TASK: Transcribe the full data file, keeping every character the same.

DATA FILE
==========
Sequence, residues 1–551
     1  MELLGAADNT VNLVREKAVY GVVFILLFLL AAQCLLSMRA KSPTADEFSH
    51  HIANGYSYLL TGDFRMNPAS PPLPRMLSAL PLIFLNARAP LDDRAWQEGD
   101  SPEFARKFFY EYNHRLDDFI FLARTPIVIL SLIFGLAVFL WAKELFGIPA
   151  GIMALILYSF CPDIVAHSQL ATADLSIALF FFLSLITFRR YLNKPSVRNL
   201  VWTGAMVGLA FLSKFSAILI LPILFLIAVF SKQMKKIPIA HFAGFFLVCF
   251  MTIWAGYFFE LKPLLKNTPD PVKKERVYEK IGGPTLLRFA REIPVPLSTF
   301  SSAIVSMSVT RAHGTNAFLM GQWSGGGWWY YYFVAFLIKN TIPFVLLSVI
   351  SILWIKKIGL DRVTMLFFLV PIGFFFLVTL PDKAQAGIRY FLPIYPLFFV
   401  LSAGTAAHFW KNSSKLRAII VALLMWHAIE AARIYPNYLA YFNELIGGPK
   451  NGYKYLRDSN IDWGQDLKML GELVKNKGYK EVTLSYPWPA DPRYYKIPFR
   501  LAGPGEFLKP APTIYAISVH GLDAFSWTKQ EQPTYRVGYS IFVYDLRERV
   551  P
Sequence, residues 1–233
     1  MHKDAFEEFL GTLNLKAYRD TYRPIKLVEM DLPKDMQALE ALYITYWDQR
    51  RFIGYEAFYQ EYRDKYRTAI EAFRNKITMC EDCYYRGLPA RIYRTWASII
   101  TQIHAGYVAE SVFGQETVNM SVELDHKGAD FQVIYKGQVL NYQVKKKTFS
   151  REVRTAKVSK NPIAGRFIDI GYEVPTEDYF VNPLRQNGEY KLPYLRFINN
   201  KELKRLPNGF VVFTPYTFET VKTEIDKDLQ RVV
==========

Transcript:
Sequence, residues 1–551
     1  MELLGAADNT VNLVREKAVY GVVFILLFLL AAQCLLSMRA KSPTADEFSH
    51  HIANGYSYLL TGDFRMNPAS PPLPRMLSAL PLIFLNARAP LDDRAWQEGD
   101  SPEFARKFFY EYNHRLDDFI FLARTPIVIL SLIFGLAVFL WAKELFGIPA
   151  GIMALILYSF CPDIVAHSQL ATADLSIALF FFLSLITFRR YLNKPSVRNL
   201  VWTGAMVGLA FLSKFSAILI LPILFLIAVF SKQMKKIPIA HFAGFFLVCF
   251  MTIWAGYFFE LKPLLKNTPD PVKKERVYEK IGGPTLLRFA REIPVPLSTF
   301  SSAIVSMSVT RAHGTNAFLM GQWSGGGWWY YYFVAFLIKN TIPFVLLSVI
   351  SILWIKKIGL DRVTMLFFLV PIGFFFLVTL PDKAQAGIRY FLPIYPLFFV
   401  LSAGTAAHFW KNSSKLRAII VALLMWHAIE AARIYPNYLA YFNELIGGPK
   451  NGYKYLRDSN IDWGQDLKML GELVKNKGYK EVTLSYPWPA DPRYYKIPFR
   501  LAGPGEFLKP APTIYAISVH GLDAFSWTKQ EQPTYRVGYS IFVYDLRERV
   551  P
Sequence, residues 1–233
     1  MHKDAFEEFL GTLNLKAYRD TYRPIKLVEM DLPKDMQALE ALYITYWDQR
    51  RFIGYEAFYQ EYRDKYRTAI EAFRNKITMC EDCYYRGLPA RIYRTWASII
   101  TQIHAGYVAE SVFGQETVNM SVELDHKGAD FQVIYKGQVL NYQVKKKTFS
   151  REVRTAKVSK NPIAGRFIDI GYEVPTEDYF VNPLRQNGEY KLPYLRFINN
   201  KELKRLPNGF VVFTPYTFET VKTEIDKDLQ RVV